An example of Scarce Knowledge, or probably more commonly known as withholding knowledge is from J.R.R Tolkien. In the Lord of the Rings, Tolkien kept referring to heroes and epic sagas from a piece of scripture only then known as The SilmarillionThe Silmarillion was only published about 2 decades after The Lord of the Rings, leaving readers all that time to speculate and imagine what these sagas could be. This led to a far deeper entrenchment in the story then if they had been published together.

  To achieve complete entrenchment and interaction, we need players to be able to do Three things when they enter a VR world. They need to Immerse themselves, to actually be in that place. Immersion is achieved through a sense of Presence, that they are there in spirit, and through a sense of Agency, that they are actively participating, that there are a cause and effect, that there are consequence and feedback to what they are doing. So, in the case of Dark Souls, by willfully withholding information, i.e. the story and the plot, the player needs to make the choice to engage with it. What this leads to is what has been termed as “Confluent Narrative” (here’s a video that describes this use in Dark Souls in a more literary manner: Storytelling in Dark Souls


Narrative Progression

For a narrative to progress, it will always need to be placed on some sort of rails system. The player will always be going from point A to point B to point C. Now the problem with VR so far is that with a 360-degree world, the player can look and move anywhere, thereby avoiding point B and C entirely if they so choose. The effect of this problem is that creators need to either come up with rather obvious methods to guide the player’s attention back to the rails or to create so much branching content for them to explore that it becomes ridiculously costly to develop.

The Dark Souls method of Confluent Narrative is switching that branching out narrative around to a branching in one, and incorporating subtle cues for the player to become aware of the story and continue on a path of discovery. The story is scarce here, the player is effectively in the dark. They are given the illusion of choice here, simply because they are unaware of the choice and its outcome/consequence. Anything they choose will be a surprise, even if they have limited choices. But if there are limited choices they can still make new decisions on another playthrough, they simply don’t have infinite choices.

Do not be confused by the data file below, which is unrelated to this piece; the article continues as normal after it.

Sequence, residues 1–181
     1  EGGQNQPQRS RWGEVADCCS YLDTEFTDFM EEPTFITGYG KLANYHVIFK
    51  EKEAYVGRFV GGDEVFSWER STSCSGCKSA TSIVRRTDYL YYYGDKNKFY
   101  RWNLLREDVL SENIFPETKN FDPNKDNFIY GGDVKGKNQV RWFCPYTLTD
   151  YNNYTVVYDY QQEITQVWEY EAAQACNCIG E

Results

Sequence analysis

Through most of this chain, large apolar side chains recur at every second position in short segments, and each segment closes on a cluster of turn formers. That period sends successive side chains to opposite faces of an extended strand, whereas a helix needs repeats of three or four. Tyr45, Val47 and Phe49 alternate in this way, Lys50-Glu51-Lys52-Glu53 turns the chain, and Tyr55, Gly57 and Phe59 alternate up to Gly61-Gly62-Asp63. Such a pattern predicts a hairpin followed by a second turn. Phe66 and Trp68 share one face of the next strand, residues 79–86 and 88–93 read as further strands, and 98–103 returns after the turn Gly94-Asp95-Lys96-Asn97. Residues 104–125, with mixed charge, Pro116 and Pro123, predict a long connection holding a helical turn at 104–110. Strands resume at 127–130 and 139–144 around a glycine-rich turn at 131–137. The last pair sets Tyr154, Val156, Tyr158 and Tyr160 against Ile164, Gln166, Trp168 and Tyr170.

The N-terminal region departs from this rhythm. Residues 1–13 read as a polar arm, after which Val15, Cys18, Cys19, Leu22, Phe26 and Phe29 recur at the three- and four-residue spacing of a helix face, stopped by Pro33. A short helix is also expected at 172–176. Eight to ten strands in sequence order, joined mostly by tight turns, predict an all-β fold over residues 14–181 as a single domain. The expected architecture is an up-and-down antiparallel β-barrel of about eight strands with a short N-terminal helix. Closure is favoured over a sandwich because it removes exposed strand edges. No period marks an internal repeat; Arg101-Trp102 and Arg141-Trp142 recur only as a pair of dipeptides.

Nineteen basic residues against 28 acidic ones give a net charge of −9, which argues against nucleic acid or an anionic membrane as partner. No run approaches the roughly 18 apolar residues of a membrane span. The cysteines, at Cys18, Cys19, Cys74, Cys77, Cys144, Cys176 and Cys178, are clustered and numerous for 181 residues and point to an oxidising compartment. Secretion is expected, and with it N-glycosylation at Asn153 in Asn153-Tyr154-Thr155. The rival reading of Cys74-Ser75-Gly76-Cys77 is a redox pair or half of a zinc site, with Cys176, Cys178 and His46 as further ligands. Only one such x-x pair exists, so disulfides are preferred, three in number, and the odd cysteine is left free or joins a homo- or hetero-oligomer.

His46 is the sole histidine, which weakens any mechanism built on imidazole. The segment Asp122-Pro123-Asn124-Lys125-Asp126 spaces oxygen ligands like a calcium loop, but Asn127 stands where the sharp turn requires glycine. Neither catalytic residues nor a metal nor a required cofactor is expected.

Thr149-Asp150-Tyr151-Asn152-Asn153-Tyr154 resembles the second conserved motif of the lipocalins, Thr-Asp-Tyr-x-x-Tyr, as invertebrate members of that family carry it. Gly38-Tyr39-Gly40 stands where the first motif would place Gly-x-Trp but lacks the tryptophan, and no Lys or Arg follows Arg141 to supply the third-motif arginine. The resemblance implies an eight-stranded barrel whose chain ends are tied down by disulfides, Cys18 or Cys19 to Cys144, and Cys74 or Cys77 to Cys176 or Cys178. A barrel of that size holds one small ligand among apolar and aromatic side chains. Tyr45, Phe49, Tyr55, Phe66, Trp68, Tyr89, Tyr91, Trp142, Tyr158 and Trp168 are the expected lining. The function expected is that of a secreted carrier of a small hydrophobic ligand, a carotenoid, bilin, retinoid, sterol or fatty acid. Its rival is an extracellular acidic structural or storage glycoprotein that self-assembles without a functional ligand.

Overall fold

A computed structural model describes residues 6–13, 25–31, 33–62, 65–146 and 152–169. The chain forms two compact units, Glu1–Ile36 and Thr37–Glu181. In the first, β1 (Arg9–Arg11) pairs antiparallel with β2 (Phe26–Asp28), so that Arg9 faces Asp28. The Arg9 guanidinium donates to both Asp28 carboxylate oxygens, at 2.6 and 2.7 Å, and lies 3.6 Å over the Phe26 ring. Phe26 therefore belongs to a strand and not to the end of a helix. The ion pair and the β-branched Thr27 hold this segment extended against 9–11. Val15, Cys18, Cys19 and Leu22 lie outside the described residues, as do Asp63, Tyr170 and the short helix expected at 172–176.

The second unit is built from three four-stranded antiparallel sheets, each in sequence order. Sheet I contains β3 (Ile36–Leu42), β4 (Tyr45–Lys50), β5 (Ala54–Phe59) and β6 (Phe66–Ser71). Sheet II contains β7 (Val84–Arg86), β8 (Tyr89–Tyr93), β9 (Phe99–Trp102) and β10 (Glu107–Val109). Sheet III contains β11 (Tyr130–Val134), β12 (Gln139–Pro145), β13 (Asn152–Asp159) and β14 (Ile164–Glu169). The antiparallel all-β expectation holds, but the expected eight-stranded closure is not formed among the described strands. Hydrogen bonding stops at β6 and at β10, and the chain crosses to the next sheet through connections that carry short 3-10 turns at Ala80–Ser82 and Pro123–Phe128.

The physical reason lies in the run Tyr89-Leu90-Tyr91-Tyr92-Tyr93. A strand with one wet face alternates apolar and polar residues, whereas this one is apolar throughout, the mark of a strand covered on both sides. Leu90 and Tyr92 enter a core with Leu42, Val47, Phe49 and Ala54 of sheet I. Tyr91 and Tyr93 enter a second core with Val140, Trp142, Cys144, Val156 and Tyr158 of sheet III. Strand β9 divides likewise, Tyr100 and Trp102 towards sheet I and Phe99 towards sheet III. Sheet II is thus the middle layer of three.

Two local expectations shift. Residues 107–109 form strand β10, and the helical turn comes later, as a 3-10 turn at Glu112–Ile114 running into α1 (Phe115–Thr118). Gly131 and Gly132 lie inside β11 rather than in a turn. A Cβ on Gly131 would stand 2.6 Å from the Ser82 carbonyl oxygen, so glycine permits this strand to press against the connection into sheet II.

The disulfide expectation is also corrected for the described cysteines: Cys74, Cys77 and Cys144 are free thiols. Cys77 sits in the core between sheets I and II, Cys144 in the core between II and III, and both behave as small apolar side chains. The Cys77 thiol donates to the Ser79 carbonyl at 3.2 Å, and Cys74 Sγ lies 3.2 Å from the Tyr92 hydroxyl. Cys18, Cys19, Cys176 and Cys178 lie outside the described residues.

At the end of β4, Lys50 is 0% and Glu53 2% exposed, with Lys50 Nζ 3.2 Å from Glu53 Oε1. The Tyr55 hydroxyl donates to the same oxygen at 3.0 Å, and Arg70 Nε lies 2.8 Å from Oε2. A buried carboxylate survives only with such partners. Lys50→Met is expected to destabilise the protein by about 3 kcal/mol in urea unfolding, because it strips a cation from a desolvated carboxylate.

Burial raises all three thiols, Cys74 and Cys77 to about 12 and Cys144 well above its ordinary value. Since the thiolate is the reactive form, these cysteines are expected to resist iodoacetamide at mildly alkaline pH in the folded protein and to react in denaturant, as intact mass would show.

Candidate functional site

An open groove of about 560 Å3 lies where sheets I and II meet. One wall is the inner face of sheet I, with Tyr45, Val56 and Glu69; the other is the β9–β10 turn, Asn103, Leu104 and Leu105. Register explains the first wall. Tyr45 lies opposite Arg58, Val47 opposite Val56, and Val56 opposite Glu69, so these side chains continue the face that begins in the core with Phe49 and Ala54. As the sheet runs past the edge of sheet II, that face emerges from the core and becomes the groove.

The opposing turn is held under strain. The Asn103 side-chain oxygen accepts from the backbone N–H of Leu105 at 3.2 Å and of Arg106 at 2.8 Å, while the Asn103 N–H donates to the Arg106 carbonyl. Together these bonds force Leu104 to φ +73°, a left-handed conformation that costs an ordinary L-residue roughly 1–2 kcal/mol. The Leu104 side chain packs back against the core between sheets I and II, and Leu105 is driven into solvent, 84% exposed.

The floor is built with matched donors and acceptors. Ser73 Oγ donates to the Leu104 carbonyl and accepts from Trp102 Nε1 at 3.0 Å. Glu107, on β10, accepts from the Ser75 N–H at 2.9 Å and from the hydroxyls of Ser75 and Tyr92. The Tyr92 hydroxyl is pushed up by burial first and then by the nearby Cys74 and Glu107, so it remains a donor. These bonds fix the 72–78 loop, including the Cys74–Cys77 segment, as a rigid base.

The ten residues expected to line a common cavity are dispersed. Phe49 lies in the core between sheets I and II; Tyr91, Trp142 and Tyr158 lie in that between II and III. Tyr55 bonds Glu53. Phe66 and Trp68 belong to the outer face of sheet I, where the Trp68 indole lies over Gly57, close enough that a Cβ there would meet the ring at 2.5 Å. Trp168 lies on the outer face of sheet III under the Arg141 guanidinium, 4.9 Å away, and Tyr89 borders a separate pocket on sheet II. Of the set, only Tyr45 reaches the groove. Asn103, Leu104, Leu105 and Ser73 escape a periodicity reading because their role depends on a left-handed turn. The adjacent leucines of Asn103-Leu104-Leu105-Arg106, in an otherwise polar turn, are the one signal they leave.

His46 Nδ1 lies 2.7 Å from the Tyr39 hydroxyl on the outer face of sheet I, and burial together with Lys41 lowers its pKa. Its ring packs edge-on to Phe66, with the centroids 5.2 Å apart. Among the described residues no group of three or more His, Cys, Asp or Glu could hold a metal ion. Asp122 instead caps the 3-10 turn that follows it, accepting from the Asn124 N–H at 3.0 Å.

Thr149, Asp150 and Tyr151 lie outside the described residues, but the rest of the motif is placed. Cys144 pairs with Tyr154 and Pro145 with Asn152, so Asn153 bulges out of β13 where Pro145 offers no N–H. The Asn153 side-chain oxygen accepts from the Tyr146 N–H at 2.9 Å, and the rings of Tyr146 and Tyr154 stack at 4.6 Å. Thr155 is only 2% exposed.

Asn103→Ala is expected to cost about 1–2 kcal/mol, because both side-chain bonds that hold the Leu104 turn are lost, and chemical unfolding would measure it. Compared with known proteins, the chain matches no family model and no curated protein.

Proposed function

This concept I need to highlight is key because the illusion of self-directed agency must be given to the player. The story still has a narrative arc, and it still needs anchor points. The agency is that the player needs to move through the world, with whatever choice they make. The player starts off with unknown limited choices, this needs to be given because unlike other mediums, games can block content. And in the case of Dark Souls, it can be blocked to the point of giving up from frustration, but the player can always choose another path. This blocking of content is beautifully explained by the Irish comedian Dara O’Briain. I’ve linked the whole piece as it is funny. But if the game blocks content how do you make the player aware of choices that are unknown to them. This is where the environmental storytelling of Dark Souls comes into play.


The Dark Souls Baseline

The world of Dark Souls, as I’ve mentioned before, is a Storyworld. The narrative is everywhere. It is a rich and beautiful world, and it guides the player to explore all the right areas. This is the abject genius of that world. It is by definition a very small world, and I realize that this technique cannot be used for every genre, but it is simply a baseline to start a thought process from. Dark Souls occurs on a single vertical experience, with sheer drops everywhere, either into nothingness in the air, or water or lava. This wonderful image gives you an idea of it: Dark Souls Map. So, the player really can’t explore laterally very much, they need to move upwards or downwards through the castles and crypts. They need to move through to the anchor points. They only realize this probably on a sub-conscious level. But through this vertical exploration Dark Souls is still guiding the player, a pillar of light hits an entrance just right illuminating it, a bauble, perhaps loot, flashes just at the right moment to be noticed, and an NPC is heard muttering and then seen weeping to just nudge the player along in the right direction. All of these are environmental story cues, converging the story as the player moves through them with agency.

It is this balancing act that is so crucial in VR, the environment as a whole, must be rich enough in visual storytelling that the player is never bored looking in a different direction, by the main story, the unknown rail system needs to be far more gripping to bring the player back to it, to want to explore it. And that is why if there is a sense of mystery around the story, the player will want to know why will want to explore. And most importantly of all, the player will use their own imagination to augment the experience, which is the most powerful tool to immerse someone in an experience, because then it becomes truly unique to them.

If you found this piece useful then please do share it with someone you know who may also find it helpful.

Please have a look at the other articles written on æStranger.com and if you would like to see other topics or similar topics discussed on this site, or simply wish to discuss any of the topics so far published then please don’t hesitate to contact us.